# What does “$b$ - length of semi-conjugate axis” represent in the graph of hyperbola?

In the standard equation of hyperbola, $$\frac{x^2}{a^2} - \frac{y^2}{b^2} = 1$$ where $$b^2=a^2(e^2-1)$$

If I were to draw the graph of hyperbola what would it represent in the graph? As $$a$$ represents the distance of vertex from the origin.

• $\pm b/a$ are the slopes of the hyperbola's asymptotes. (Note: Whereas $a$ is called the "transverse" (semi)axis of the hyperbola, $b$ is the "conjugate" (semi)axis, which is the transverse (semi)axis of the conjugate hyperbola $$\frac{x^2}{a^2}-\frac{y^2}{b^2}=-1$$ which has the same center and asymptotes but opens "up and down".) – Blue Apr 1 '16 at 6:15
• @Blue I don't think that really answered the question . I don't see how does it represent anything on the graph :/ Well, maybe it did as amd explained. It's just that I think there should be something more then that – brainst Apr 1 '16 at 6:19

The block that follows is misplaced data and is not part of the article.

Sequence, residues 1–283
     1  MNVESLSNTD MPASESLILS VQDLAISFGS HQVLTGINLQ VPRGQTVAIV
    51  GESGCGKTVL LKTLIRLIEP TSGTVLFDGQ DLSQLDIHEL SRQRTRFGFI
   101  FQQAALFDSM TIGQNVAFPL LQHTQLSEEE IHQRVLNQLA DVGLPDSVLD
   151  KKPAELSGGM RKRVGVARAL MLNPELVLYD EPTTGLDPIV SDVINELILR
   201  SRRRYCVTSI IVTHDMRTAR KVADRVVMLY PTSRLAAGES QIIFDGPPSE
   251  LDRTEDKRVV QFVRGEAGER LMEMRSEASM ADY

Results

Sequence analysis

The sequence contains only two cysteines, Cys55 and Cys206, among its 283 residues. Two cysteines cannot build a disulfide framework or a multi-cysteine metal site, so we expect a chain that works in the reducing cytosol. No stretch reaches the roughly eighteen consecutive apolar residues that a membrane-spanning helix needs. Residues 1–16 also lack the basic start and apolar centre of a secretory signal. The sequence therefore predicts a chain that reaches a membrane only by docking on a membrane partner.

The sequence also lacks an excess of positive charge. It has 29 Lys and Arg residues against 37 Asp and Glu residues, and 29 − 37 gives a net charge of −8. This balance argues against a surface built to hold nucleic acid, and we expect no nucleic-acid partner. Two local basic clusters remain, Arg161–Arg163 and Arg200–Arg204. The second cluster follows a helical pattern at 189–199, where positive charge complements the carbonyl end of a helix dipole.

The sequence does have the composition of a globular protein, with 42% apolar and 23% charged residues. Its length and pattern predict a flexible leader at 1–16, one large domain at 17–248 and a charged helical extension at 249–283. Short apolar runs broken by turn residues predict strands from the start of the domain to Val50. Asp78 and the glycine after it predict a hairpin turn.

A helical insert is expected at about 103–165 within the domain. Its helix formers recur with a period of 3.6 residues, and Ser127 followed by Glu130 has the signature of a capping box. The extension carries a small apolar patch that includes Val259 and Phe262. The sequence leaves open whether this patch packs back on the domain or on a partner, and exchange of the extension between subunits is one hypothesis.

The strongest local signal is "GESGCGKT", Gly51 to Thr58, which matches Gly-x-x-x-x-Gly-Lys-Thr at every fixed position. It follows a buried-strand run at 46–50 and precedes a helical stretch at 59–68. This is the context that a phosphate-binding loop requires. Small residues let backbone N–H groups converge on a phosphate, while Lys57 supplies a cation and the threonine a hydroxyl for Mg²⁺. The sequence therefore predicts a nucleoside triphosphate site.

• Why not trying it ? geogebra Basically it's not a cycle, and looks like an hourglass – Aseed Apr 1 '16 at 6:25

## 1 Answer

This is the length of the segment perpendicular to the major axis from vertex to either asymptote. Thus, as Blue notes, the asymptotes have slope $\pm\frac b a$.

• that's it? that property doesn't look like fun :( – brainst Apr 1 '16 at 6:22
• @brainst Well, it’s also the length of the semimajor axis of the conjugate hyperbola, but, yeah, that’s about it. – amd Apr 1 '16 at 6:40